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Tips to protect your kids from unsafe toys and gifts this year

There’s good news from the Consumer Product Safety Commission this year: recalls involving unsafe toys are down, largely due to third-party testing requirements and more toys that violate safety standards being stopped at ports. Fewer toy recalls is good news, but it doesn’t mean no dangerous toys are sitting on store shelves.

The consumer group U.S. Public Interest Research Group, or PIRG, recently published its annual report “Trouble in Toyland,” which identifies potentially unsafe toys so parents don’t unwittingly give them as holiday gifts. This year, PIRG found several widely-available lead-tainted toys, along with others posing hazards to children. For example:

  • The Marvel Super Hero Squad Captain America Soft Shield, manufactured for Hasbro for children 2 and older, tested at 29 times the legal limit for lead.
  • Teenage Mutant Ninja Turtles pencil cases from Innovative Designs LLC contain excessive levels of phthalates and cadmium.
  • Two toddler phone toys from Leap Frog, the Chat & Count phone and the Lil' Phone Pal, exceeded federal noise-level limits set to protect children’s hearing.
  • Several toys that pose choking hazards lacked the required age labels.
  • Strong magnets small enough for children to swallow were still available, some labeled for the wrong age group. These cause serious gastrointestinal injury when swallowed.

Representatives of the Toy Industry Association challenged the PIRG’s report, however, claiming that the toys weren’t tested by CPSC-accredited labs. However, lead hazard warnings have now been attached to many of the products online.

The CPSC recommends avoiding these most dangerous holiday products:

  • High-powered, non-encapsulated magnets.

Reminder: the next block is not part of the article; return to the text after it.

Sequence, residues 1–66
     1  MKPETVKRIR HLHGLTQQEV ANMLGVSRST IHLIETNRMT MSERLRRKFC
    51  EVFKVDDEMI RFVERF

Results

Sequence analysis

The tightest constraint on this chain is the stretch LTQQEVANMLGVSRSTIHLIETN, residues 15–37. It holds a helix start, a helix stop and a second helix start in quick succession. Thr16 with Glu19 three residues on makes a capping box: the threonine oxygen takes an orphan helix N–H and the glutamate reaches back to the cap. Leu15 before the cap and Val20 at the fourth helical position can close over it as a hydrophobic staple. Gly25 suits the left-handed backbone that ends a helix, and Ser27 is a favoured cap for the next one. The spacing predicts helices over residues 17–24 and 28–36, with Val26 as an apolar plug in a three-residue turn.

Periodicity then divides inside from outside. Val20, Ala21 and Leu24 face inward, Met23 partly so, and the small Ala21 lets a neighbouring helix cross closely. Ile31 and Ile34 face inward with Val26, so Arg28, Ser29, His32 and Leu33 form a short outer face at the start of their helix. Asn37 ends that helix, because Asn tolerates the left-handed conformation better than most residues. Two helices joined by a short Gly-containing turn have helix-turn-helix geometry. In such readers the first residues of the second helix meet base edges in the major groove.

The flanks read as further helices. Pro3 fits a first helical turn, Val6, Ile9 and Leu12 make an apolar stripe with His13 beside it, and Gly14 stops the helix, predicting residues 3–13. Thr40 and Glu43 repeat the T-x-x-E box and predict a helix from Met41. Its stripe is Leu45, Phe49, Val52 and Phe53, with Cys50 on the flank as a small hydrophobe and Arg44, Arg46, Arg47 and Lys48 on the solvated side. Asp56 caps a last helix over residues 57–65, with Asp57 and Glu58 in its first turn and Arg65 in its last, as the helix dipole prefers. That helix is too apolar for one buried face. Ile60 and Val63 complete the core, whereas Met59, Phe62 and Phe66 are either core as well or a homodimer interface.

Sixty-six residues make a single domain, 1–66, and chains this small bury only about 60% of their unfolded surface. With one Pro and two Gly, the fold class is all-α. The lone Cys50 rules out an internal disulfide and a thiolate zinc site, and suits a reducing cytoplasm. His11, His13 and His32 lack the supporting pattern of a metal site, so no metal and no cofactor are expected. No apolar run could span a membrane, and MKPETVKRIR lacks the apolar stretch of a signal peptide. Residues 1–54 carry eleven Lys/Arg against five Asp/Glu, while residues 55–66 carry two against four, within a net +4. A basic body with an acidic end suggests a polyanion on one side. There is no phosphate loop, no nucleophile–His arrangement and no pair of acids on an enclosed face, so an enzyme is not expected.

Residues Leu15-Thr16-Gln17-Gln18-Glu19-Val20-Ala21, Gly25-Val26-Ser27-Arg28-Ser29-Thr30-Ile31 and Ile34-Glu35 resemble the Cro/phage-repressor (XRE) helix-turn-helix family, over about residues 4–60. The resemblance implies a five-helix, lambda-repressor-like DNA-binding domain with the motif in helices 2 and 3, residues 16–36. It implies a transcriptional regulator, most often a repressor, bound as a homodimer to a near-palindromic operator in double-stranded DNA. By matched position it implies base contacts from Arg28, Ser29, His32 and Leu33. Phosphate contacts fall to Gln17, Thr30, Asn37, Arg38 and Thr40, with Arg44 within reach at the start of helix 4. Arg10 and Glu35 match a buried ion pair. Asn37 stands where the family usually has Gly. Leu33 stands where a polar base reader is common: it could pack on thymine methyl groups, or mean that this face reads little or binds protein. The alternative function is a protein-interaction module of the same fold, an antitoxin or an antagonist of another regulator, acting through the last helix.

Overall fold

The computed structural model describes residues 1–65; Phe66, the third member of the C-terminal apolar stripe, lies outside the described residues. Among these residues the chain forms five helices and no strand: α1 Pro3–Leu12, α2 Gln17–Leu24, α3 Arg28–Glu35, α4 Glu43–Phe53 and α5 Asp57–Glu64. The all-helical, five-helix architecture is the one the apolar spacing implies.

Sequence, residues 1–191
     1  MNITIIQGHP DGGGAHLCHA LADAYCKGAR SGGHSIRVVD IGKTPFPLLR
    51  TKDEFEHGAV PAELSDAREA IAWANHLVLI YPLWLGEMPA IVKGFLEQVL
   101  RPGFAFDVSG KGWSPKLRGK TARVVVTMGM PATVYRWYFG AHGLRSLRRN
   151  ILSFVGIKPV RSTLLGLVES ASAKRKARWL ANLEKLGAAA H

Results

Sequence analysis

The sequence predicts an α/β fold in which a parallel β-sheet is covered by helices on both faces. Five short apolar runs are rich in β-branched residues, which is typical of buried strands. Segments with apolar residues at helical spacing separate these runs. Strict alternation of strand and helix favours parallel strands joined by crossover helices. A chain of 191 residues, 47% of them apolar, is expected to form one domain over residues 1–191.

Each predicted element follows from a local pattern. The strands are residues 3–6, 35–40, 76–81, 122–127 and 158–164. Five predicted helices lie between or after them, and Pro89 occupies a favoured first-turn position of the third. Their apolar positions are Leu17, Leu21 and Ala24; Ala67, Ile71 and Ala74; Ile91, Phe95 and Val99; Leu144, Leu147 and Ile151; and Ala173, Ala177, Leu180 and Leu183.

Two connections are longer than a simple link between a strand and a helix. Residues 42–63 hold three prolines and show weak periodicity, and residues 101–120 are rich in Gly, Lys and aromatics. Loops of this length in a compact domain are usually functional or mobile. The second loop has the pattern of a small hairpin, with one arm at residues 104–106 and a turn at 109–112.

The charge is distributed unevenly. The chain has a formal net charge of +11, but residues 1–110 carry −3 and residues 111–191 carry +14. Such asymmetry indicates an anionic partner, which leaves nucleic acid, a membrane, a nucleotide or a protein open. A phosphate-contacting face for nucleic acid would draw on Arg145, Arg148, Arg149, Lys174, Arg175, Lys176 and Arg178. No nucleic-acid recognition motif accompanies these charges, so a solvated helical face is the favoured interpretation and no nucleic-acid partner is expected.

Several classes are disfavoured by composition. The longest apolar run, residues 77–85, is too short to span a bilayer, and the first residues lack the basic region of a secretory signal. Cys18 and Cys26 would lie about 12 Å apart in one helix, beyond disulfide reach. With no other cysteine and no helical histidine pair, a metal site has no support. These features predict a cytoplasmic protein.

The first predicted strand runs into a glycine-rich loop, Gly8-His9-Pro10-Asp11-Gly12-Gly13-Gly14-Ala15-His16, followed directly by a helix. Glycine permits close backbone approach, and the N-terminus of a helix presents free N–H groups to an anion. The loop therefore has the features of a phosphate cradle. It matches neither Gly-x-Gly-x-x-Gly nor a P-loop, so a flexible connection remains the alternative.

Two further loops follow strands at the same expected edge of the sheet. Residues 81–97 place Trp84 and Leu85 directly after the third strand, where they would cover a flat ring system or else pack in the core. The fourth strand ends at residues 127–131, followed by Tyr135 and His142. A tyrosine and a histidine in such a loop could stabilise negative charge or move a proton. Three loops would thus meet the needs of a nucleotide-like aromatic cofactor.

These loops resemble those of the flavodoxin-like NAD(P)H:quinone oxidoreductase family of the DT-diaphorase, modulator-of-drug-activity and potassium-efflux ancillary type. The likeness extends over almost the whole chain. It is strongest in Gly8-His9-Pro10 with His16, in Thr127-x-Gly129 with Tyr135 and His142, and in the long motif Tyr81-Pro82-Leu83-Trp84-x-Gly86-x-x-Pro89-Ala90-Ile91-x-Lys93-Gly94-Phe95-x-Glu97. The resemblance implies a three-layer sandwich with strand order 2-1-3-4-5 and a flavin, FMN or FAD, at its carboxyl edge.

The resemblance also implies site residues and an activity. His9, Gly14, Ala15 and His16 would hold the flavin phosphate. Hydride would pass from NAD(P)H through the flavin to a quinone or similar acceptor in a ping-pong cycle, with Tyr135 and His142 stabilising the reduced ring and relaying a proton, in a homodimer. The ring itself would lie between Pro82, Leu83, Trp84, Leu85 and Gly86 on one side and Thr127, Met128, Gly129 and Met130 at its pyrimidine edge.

• Small toys that pose choking hazards.
  • Riding toys, which risk dangerous falls.
  • Deflated balloons, because children younger than 8 can easily suffocate if they swallow them.
  • Non-motorized scooters -- the single most dangerous product for children under 15 -- which pose a serious risk of lacerations to the face and head.

Once the unwrapping is done, the agency also suggests parents:

  • Immediately discard any plastic packaging to avoid suffocation.
  • Keeping younger children from playing with their older siblings’ toys.
  • Keeping children away from battery chargers, which pose burn hazards.

Manufacturers and retailers are legally responsible for ensuring their products are safe and properly labeled so consumers don’t get hurt. While it’s positive news that fewer dangerous toys may be on the shelves this year, even a single child suffering a serious injury or dying from an unsafe toy is too many. Keep yours safe this season.


  • SF Gate, "Toy recalls down, but hazards remain (corrected)," Jennifer C. Kerr, Associated Press, Dec. 3, 2013
  • U.S. Consumer Product Safety Commission news release, "Global System of Toy Safety Works to Keep Kids Safe This Holiday Season; Recalls Down, Port Seizures Up," Nov. 30, 2013

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